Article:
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Jerry D. Merryman - People
Scientists might come up with great ideas for new technology, but it doesn't make much of a difference unless manufacturers start using the ideas. In the case of the integrated chip, industry was pretty slow on the uptake. The new chip, with its collection of transistors all made from a single crystal, could miniaturize practically anything -- if only someone was interested.
To snag the world's attention, Texas Instruments needed a marketing gimmick. They wanted a flashy product to showcase the IC. A calculator seemed just the thing. In a mere two years, a TI group including Jerry Merryman and James Van Tassel, and led by Jack Kilbydeveloped a calculator small enough to be held in your hand. Just over six inches tall, this portable calculator certainly surpassed the all-transistor calculator released just a year earlier -- that calculator weighed 55 pounds and cost $2,500.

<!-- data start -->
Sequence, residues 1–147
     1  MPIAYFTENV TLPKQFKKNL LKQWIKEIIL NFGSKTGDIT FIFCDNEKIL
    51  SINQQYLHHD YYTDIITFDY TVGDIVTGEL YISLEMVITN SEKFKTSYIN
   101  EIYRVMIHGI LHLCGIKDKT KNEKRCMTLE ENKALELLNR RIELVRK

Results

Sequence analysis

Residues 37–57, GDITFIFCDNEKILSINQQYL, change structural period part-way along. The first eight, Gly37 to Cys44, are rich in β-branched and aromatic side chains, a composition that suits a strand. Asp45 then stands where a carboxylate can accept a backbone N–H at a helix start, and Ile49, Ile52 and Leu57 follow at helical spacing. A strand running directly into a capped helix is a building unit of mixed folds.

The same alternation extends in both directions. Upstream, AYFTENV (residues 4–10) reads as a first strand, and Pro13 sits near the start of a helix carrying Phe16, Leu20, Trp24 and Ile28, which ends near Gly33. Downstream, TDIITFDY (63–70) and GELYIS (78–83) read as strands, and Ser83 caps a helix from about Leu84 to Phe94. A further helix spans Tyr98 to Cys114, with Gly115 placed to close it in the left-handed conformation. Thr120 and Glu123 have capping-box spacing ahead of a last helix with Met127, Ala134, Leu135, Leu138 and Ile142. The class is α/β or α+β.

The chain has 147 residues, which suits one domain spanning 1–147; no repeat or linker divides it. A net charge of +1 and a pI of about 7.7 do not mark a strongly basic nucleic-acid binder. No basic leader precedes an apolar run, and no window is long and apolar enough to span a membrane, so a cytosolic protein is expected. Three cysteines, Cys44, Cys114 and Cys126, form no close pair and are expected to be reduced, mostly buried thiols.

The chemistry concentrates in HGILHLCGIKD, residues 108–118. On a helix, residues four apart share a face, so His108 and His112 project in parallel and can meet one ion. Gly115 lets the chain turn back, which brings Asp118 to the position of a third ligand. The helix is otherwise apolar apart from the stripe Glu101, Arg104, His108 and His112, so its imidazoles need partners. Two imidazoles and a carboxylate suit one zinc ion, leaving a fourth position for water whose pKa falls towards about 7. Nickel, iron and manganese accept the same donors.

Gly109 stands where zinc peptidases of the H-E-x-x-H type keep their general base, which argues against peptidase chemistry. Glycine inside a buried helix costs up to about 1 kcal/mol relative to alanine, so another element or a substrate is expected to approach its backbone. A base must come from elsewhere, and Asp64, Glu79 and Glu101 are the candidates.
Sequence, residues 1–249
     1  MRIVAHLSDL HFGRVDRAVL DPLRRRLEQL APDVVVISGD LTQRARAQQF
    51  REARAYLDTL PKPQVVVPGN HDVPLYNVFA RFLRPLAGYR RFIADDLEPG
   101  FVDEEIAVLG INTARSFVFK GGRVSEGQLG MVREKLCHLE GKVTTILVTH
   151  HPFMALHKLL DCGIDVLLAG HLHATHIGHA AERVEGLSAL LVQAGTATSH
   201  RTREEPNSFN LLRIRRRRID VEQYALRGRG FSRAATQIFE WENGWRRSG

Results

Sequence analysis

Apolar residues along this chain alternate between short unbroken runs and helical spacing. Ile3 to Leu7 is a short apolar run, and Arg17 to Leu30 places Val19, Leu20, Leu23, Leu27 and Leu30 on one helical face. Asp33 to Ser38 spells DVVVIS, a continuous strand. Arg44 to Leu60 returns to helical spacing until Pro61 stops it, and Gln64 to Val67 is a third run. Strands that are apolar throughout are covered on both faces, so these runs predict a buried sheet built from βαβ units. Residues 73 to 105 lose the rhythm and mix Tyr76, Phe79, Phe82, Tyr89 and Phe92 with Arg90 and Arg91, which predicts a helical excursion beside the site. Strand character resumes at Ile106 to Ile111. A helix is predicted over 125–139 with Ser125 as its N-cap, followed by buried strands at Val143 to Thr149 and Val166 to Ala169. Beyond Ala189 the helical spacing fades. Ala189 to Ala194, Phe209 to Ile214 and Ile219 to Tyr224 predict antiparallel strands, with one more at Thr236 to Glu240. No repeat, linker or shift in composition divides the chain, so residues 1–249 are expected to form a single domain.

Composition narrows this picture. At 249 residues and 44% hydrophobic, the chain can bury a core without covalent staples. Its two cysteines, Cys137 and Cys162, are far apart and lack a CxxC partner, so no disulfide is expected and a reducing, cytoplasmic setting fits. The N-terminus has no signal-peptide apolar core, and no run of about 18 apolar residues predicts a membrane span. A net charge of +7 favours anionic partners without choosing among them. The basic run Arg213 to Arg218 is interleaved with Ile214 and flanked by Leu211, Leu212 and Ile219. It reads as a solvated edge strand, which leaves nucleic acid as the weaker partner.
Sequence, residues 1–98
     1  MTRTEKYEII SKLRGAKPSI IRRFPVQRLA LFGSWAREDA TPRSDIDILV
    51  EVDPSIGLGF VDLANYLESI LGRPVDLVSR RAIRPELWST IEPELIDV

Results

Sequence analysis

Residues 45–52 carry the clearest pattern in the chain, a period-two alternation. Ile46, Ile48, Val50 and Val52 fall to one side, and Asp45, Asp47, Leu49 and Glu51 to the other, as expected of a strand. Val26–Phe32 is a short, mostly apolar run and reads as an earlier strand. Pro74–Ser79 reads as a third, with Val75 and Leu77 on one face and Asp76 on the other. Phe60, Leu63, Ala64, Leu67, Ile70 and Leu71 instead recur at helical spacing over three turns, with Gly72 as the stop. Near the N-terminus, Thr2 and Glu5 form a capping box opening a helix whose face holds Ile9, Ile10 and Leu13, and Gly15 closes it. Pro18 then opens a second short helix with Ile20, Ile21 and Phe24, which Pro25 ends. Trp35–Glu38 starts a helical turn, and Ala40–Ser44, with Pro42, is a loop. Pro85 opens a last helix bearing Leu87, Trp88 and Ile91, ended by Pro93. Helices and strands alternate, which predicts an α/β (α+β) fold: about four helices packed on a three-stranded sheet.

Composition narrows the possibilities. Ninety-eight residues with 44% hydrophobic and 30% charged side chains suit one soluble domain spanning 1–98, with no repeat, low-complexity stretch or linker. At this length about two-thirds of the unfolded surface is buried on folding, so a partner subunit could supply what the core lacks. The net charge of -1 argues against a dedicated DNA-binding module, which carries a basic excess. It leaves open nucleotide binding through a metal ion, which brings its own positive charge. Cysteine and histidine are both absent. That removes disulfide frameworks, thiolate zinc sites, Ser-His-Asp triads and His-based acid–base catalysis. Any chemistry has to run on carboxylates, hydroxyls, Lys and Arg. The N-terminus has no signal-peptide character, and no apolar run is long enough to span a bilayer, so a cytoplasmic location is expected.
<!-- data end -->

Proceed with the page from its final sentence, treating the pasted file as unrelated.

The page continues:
Jerry D. Merryman joined TI in 1963 and remains with the company today; he has worked as an engineer in the design and development of a variety of products and technologies. In addition to his work on the hand-held calculator, Merryman was instrumental in designing and fabricating semiconductor manufacturing equipment. He also made significant contributions to the thermal printing devices that TI used for years in a popular family of data terminal products.